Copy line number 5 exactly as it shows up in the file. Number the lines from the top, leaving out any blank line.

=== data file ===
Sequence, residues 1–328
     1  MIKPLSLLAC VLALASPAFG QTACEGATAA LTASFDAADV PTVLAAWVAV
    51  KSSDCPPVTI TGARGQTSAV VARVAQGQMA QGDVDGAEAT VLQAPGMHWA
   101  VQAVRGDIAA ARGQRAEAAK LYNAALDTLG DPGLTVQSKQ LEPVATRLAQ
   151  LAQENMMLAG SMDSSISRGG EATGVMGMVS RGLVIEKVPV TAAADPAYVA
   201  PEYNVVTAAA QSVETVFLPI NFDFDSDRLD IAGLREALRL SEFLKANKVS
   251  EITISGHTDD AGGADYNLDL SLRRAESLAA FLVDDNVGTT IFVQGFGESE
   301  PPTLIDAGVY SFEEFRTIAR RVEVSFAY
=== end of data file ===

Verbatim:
   151  LAQENMMLAG SMDSSISRGG EATGVMGMVS RGLVIEKVPV TAAADPAYVA